The Nullable-set is pretty straight forward, at least the formal version. It's given as

Nullable() = true Nullable(a) = false Nullable(\alpha \beta) = Nullable(\alpha) \land Nullable(\beta) Nullable(N) = Nullable(\alpha_{1}) \lor ... \lor Nullable(\alpha_{n}), where N \rightarrow \alpha_{1}, ..., N \rightarrow \alpha_{n}

But say we have some grammar for the regex a*b*

A \rightarrow 'a' A | B B \rightarrow 'b' B |

Both the productions A and B are nullable. But if we start computing on A, then we need the unresolved Nullable(B) to finish. We thus need to iterate when Nullable(B) has been found.

The grammar when parsed looks like this

("A",[[Term "a";NonTerm "A"];[NonTerm "B"]]) ("B",[[Term "b";NonTerm "B"];[]])

Where tuples are key * value into dictionaries. To calculate nullable we need a cooperation between logical ∧ and ∨ and nullable-values of the lists in the value of the tuple. Let for explanation

t_{a} = Term "a" t_{b} = Term "b" nonT_{A} = NonTerm "A" nonT_{B} = NonTerm "B" rightA_{1} = t_{a} nonT_{A} rightA_{2} = nonT_{B} rightB_{1} = t_{b} nonT_{B} rightB_{2} = \epsilon

Where ε be emtpy. Now

null_{A1} = Nullable(rightA_{1}) = Nullable(t_{a}) \land Nullable(nonT_{A}) null_{A2} = Nullable(rightA_{2}) = Nullable(nonT_{B}) null_{B1} = Nullable(rightB_{1}) = Nullable(t_{b}) \land Nullable(nonT_{B}) null_{B2} = Nullable(rightB_{2}) = true

These depend on conjunctions. Furthermore we get

Nullable(A) = null_{A1} \lor null_{A2} Nullable(B) = null_{B1} \lor null_{B2}

These depend on disjunctions. To optimize and better our understanding we can use short circuit evaluation. Say a production contains a set of right-sides. For every right-side, if it contains just one terminal, this right-side is not nullable. For every right-side, if just a single one is nullable, the whole production is nullable.

Since we have to iterate, we have to take into account grammars that are circular. Say we have the grammar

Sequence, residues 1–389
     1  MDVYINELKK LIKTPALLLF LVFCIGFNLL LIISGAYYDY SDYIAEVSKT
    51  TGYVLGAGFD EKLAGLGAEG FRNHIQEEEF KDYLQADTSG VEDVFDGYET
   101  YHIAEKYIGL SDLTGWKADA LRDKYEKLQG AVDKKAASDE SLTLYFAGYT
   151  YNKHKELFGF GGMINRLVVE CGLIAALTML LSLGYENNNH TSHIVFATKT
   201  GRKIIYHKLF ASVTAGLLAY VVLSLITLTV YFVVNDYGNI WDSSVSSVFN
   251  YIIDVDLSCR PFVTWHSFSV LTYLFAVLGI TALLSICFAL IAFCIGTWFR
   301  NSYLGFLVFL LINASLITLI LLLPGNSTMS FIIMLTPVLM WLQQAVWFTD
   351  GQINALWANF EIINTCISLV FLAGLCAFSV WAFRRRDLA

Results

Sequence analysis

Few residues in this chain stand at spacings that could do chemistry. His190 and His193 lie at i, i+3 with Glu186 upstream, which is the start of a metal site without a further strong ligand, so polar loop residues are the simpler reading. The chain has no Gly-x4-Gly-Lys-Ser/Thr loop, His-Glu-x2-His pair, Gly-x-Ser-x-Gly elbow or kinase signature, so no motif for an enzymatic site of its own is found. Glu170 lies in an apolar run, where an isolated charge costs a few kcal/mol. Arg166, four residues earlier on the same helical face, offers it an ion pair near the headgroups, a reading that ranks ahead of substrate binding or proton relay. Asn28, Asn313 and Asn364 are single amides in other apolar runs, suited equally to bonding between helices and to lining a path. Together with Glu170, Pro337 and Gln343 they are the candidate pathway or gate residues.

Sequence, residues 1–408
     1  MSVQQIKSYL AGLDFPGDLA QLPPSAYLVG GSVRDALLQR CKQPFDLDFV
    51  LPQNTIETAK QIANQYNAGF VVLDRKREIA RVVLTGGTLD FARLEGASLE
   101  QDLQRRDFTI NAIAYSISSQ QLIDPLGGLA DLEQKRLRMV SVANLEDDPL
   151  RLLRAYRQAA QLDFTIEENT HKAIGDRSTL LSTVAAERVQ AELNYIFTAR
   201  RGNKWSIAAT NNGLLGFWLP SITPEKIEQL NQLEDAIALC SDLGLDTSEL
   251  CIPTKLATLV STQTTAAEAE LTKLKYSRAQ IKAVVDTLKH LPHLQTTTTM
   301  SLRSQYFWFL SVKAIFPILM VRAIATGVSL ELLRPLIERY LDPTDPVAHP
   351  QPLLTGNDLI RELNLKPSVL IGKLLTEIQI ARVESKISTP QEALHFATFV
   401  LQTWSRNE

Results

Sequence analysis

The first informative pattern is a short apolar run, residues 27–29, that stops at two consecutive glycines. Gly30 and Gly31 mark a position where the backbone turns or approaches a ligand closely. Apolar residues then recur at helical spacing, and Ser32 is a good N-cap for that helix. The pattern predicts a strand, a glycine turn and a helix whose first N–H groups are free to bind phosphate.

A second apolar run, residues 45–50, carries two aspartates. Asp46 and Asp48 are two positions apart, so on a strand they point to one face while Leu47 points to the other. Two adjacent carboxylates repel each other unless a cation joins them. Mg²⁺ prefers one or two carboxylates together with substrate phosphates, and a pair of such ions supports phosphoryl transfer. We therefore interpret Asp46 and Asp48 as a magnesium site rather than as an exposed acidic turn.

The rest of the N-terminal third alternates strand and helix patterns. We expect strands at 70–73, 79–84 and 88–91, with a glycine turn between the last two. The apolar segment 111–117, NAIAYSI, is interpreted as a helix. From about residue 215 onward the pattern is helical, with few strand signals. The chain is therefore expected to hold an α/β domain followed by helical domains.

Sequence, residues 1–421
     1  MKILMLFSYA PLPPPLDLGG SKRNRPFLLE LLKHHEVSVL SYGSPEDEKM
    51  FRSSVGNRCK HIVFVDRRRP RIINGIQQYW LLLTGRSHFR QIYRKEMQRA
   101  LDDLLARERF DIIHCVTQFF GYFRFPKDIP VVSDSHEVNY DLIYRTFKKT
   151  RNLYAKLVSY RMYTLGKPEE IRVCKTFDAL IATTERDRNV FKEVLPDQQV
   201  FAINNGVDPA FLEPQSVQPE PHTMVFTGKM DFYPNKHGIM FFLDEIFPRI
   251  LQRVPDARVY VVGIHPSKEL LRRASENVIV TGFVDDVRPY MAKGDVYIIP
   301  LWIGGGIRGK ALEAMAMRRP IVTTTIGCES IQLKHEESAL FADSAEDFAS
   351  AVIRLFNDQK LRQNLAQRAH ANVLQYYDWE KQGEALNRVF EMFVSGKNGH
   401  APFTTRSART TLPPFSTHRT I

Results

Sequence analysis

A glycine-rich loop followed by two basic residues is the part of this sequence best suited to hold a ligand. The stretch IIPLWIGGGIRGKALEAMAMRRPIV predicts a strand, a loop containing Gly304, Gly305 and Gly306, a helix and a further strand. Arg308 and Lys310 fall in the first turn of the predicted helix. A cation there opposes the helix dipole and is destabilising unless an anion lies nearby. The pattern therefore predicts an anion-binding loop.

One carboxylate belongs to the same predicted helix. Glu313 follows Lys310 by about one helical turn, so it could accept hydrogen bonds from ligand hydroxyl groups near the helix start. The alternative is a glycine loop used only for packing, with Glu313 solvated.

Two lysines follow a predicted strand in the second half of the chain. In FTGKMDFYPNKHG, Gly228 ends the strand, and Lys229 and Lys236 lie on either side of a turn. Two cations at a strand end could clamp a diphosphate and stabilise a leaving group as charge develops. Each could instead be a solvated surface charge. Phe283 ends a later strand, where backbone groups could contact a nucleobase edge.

A \rightarrow B B \rightarrow A | 'b'

The alternate B-production containing the terminal 'b' is just there to point out that this could be a grammar. It isn't totally useless. I haven't allowed grammars like the circular one in this application. So I can use my own algorithm to calculate Nullable. The idea is taken from fixpoint iterations used to solve the next two sets. This one works as follows

  1. For every production, P_{0} ,iterate through every right-side adding the following to an initIter-dictionary
    • If current right-side is empty, then add true for whole P_{0}
    • If current right-side is not empty, then iterate through every symbol of this right-side. If a terminal is found, add false for whole right-side. Else add dependency of found non-terminals.
  2. Init empty solved and unsolved-dictionaries. For every production, P_{0}, iterate through right-sides as follows
    • If true, then add Nullable(P_{0}) = true to solved. In this case do not add anything to unsolved. This happens on empty right-sides in (1).
    • If dependencies are found, then for each dependency, d_{0}, do
      d_{0} \in solved \land solved(d_{0}) = false \Rightarrow (short-circuit) right-side = false empty deps d_{0} \in solved \land solved(d_{0}) = true \Rightarrow remove d_{0} from deps right-side = true d_{0} \notin solved \Rightarrow keep dep in deps
      If there aren't any dependencies left, add Nullable(P_{0}) = right-side to solved. Else add dependencies to unsolved.
  3. Now
    • If unsolved is empty, then return solved
    • Else if unsolved.Count = initIter.Count, nothing has happened. Report error.
    • Else goto 2 with initIter = unsolved, and with the obtained solved instead of initializing a new one.

The idea is to gradually remove any unsolved production using values from solved ones. This idea does not work with the above circular grammar since we can't obtain any Nullable-values and thus can't remove anything from unsolved: B \rightarrow 'b' isn't nullable, and we have to obtain Nullable(A) to close the disjunction.